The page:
By PAULA TRACY, InDepthNH.org
CONCORD – InDepthNH.org has received a redacted copy of complaints and questions from officials to the 2020 State Primary Call log after filing a right-to-know request under RSA 91a to the New Hampshire Attorney General’s Office.
Some personal information regarding the complaints was redacted from the copies of the emails, such as a person’s political party affiliation.
One voter from Manchester complained about being turned away from the polls on Sept. 8 primary for bringing a gun to the polling place. But was told it was legal and to go back and vote.
Email From Associate Attorney General Anne Edwards about concerns at Ward 11:
“I spoke with Moe and his friend and explained that I couldn’t point out a law that said that he could carry a weapon into a polling place. I explained the legal argument why he could and told him I would call the Manchester PD to explain that it was okay under state law. I did explain the Gun Free School Zone Act and explained the potential federal liability. Moe said that he has voted with a weapon before and never had an issue. But, when the police officer said he could not go in, he did not go in. I told him to go back to the polling place and I would call the MPD to discuss the issue. I called dispatch and spoke with a duty officer who said that she understood and they would speak with the officer. I confirmed that Moe would be returning the polling place within 20 minutes to vote.”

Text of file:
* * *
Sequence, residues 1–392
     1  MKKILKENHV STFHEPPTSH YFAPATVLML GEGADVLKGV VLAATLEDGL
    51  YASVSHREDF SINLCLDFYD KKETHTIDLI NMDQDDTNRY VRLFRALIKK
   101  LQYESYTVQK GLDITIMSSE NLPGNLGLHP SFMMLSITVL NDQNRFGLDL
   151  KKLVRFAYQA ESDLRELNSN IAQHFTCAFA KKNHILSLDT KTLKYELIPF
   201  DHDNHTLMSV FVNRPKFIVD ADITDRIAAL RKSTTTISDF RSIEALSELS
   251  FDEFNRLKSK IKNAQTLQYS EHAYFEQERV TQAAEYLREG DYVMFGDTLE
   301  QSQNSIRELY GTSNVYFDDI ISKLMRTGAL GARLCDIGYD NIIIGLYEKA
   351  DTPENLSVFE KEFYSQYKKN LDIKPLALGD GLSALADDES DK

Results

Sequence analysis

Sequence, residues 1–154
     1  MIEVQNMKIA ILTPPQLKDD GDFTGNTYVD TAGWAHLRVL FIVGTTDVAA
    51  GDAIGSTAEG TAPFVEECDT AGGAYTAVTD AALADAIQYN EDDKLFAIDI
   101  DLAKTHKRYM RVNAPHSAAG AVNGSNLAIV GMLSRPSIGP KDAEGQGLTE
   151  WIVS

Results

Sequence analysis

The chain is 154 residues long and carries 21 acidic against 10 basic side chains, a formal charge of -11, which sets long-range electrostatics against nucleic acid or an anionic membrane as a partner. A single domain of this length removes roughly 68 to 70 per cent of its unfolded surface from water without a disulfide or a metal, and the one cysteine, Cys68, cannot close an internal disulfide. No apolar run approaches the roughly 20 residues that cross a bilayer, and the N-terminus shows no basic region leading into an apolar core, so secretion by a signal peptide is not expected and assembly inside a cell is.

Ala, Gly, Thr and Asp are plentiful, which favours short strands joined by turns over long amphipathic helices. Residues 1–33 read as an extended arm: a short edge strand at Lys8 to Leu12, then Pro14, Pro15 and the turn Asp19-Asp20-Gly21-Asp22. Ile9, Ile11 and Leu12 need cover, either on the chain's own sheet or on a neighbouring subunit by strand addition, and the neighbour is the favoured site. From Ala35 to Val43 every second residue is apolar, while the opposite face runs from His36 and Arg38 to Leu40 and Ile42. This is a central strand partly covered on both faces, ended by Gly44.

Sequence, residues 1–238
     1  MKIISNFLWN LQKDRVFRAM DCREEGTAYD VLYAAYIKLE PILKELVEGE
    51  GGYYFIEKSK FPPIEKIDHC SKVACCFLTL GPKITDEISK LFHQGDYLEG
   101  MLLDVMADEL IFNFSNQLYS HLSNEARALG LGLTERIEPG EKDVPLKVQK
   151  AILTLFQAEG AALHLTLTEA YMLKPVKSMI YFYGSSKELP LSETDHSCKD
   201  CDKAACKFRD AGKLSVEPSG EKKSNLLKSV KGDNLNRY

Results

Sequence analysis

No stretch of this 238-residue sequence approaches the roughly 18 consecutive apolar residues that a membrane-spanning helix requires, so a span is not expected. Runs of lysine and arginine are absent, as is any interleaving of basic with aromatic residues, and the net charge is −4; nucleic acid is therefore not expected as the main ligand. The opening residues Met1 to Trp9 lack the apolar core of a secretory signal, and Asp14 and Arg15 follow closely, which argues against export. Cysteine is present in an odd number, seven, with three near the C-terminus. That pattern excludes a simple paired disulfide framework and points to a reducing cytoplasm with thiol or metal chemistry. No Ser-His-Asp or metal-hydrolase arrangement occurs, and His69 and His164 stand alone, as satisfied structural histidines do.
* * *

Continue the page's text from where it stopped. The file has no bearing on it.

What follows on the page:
The calls show a number of concerns expressed by individuals who refused to wear masks at the polls and found the accommodations for them insufficient and that they felt like “second class citizens.”
See full response of 354 pages to InDepthNH.org’s right-to-know request here. http://indepthnh.org/wp-content/uploads/2020/09/2870443.pdf
Another concern was raised in Alton about wearing a Black Lives Matter shirt:
“Calice called to ask whether a poll worker can wear a Black Lives Matter shirt. This person was the greeter at the polls. The answer is yes, they can wear this material since RSA 659:44 only prohibits election workers from ‘electioneering’ which means acting in a way ‘specifically designed to influence the vote of a voter on any question or office’ we have interpreted this to mean campaign material that unambiguously communicates a purpose or goal of instructing a voter how to vote, i.e. express advocacy. Since Black lives matter does not fit this prohibition, it is permitted.
“Realizing that there may be voters who complain that this is improper, Calice planned on telling the moderator that he/she could make a request to conceal it or to work in an area that is less public, but ultimately it was permitted.” – Matthew T. Broadhead, Senior Assistant Attorney General
A number of other complaints were related to change of party affiliation and simple questions about what verification information would be needed at the polls to show residency or absentee voting.
One comment related to concern a new voter had for uniformed and armed police at the polls.
There were some cases where poll workers were asking about the distance of political signs from a polling location.
Communities, where there were concerns expressed included Portsmouth, Manchester, Hudson, Mason, Milford, Stoddard, Antrim, Alexandria, and Candia.
InDepthNH.org’s Nancy West contributed to this report.